Acer Aspire 5670 Series Review (pics, specs)
by Andrew Johnson, Alaska USA
Overview and Introduction:
The Acer 5670 is one of the first notebooks featuring Intel’s impressive new Centrino Duo processor which has two cores to offer significant performance gains. It has a sharp 15.4″
wide aspect screen putting it in the mid-sized desktop replacement category. It’s also loaded with extras such as Bluetooth, a sleek slot-load DVD burner and a built in webcam, which, along with the ATI mobility X1400 graphics and of Ram 1GB plus a 100GB 5400 RPM SATA hard drive make for a pretty impressive machine.
Acer Aspire 5627WLMi ( view larger image )
Acer 5670 Configuration as reviewed (Acer Aspire 5672WLMi ):
- Intel Core Duo T2300 (1.66 GHz, 667 MHz FSB, 2MB L2 cache)
- 15.4″ WXGA CrystalBrite LCD with 16ms refresh rate.
- ATI Mobility Radeon X1400 128MB
- 100GB 5400 RPM SATA hard drive
- Slot-Load DVD super multi drive
- 1GB DDR2 dual channel memory
- 802.11 a/b/g wireless with singalup high efficiency antenna
- Bluetooth 2.0+EDR
- ExpressCard slot
Acer Aspire 5672 in the box ( view larger image )
Build & Design:
Acer 5670 top view ( view larger image )
The Acer 5670 is in clad silver painted plastic and a combination of glossy and flat black plastic. It’s not thin, but it’s not bulky either. It is a fairly solid notebook with decent hinges for the screen. There is some flex but nothing alarming. Only a hard press on the rear of the screen will cause ripples to appear. I like the slot-loading dvd burner which looks sleek and avoids potential damage.
The 15.4″ WXGA «CrystalBrite» LCD is glossy and spectacular. It is bright, with high contrast, saturated colors and even illumination. The viewing angle is very good to the sides and falls off more quickly to the top and bottom like most laptops. Response time is rated at 16ms which should eliminate ghosting even in high speed gaming.
Built-in web cam ( view larger image )
The screen is about normal brightness for a high quality notebook. I had to turn the brightness down to get a correct exposure in a bright room — five 60 watt light bulbs hung in a chandelier above the notebook photographed on my floor.
As with all glossy screens, reflections of lights can become annoying to some. Your eyes, like my camera, can usually focus on the screen rather than the reflection as shown here, like this:
Example of glossy screen and different vantages your eyes and brain of might take focusing on the screen ( view larger image )
The speakers on the front of the notebook put out a decent level of crisp sound that is about par for notebooks, but still sounds tinny with no bass.
Processor and Performance / Benchmarks:
Just what can be expected from Intel’s advanced new Centrino Duo chip? It has twice as many cores, so is it twice as fast? Sometimes, but usually the benefit is smaller. However, while most benchmarks won’t show a twofold increase in speed, heavy multi-taskers will immediately notice a significant boost in overall system responsiveness. Tasks that would normally cause a major slowdown on a single core machine (like running super-pi or rendering a video) seem as if they’re not even running, because the computer is ready and available for your other input on another program.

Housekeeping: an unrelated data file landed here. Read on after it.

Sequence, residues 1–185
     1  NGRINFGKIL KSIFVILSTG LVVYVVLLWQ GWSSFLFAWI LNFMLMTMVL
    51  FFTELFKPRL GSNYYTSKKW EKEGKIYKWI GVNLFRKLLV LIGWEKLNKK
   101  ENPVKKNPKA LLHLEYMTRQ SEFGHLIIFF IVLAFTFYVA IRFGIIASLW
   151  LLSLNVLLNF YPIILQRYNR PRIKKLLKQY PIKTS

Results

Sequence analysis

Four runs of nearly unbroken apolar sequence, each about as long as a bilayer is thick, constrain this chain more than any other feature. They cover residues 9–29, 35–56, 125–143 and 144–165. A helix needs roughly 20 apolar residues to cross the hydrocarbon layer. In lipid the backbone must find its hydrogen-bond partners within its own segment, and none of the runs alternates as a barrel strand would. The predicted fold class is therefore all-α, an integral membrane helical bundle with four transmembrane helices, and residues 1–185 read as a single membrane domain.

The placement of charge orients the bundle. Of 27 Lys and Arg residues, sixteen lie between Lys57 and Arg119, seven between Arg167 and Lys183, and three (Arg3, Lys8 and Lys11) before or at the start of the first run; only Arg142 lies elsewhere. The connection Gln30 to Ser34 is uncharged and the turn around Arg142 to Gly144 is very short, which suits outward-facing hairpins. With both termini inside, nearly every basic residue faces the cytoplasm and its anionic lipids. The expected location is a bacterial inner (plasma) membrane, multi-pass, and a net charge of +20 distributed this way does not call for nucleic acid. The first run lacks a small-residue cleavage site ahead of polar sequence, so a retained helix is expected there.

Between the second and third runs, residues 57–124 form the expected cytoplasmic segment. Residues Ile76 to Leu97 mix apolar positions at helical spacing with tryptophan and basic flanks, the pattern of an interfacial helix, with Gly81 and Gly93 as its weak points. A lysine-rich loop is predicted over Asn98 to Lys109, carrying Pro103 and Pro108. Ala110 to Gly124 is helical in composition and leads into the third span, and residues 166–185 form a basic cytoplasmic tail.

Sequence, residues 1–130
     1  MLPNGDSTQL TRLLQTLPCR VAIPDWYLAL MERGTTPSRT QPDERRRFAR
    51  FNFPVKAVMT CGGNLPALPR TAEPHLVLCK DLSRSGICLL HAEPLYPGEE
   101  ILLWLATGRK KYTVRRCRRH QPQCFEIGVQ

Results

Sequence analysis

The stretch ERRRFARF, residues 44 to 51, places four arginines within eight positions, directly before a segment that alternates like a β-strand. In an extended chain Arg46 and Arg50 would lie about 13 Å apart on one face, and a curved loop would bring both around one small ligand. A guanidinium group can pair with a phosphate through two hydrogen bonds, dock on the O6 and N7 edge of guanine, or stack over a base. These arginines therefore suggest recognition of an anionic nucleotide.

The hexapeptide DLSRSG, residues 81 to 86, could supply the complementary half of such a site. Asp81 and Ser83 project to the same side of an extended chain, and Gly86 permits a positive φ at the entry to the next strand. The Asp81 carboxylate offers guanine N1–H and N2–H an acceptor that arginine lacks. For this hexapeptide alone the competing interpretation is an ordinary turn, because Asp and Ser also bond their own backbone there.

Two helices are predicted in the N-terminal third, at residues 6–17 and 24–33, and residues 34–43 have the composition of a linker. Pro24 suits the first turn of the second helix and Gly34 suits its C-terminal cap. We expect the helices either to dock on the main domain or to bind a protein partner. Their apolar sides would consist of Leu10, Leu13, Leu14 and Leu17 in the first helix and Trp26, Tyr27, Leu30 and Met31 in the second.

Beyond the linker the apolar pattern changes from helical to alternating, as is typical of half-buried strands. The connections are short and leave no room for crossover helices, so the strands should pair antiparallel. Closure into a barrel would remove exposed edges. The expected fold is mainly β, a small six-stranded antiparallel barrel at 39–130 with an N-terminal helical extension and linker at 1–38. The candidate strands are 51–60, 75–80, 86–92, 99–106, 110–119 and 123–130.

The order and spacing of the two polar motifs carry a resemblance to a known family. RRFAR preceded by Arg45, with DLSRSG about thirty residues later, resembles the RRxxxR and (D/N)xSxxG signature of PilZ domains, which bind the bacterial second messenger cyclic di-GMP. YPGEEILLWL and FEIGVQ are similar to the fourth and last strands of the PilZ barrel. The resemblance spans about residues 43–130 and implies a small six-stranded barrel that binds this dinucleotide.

For a single program to take advantage of two processor cores, it has to be specially programmed. More and more software is being written this way, and for now at least most high end software that is likely to make you wait in the first place is. Video and software Photo is often «multi=processor aware.» Being a photographer, I spend many hours using Adobe Photoshop. While I believe even older computers are more than fast enough for most tasks, it will be a long time before Photoshop’s need for speed is satisfied. Why wait 60 seconds when you can wait 1? Or none?
I compared the Acer 5670 to my Dell 9300 in common Photoshop tasks real photographers do, not wacky filters that might make an Apple seem super fast. The Acer’s clock speed is only about 4% faster than the Dell, so I thought it was a fair indication of the performance gains possible with a dual core CPU. Both machines had 1GB of ram, and the Dell has a faster hard drive (7200 RPM vs. 5400 RPM)
While the tests are not all inclusive, it represents some of the things I am commonly waiting on the computer for, and illustrates the potential performance gains dual core CPUs offer.
Test 1: Average time to convert a 16.7 megapixel raw files to Tiff using Adobe Camera Raw 3.3
Acer Core Duo 1.66 GHz. 12 seconds
Dell Pentium M 1.6 GHz. 22 seconds
Here the dual core is almost 85% швидше!
Test 2: Unsharp Mask a 16.7 megapixel digital image.
Acer Core Duo 1.66 GHz. .7 seconds
Dell Pentium M 1.6 GHz. 1.2 seconds
Again very significant speed gains with the dual core.
Test 3: Resize a 16.7 megapixel image to 20×30 inches at 300 DPI
Acer Core Duo 1.66 GHz: 2.0 seconds
Dell Pentium M 1.6 GHz. 4.2 seconds
Whoa! Over twice as fast! I’ll have to up my hourly rate.
Test 4: Convert 16.7 megapixel digital image to CMYK color
Acer Core Duo 1.66 GHz. 4.4 seconds
Dell Pentium M 1.6 GHz. 9.4 seconds
I ran the popular Super Pi benchmark once by itself and got a result of 1m 22s. This was just slightly slower than the 2.0 GHz Core Duo Super Pi times:
Короткий опис статті: acer epower management 7.0.3006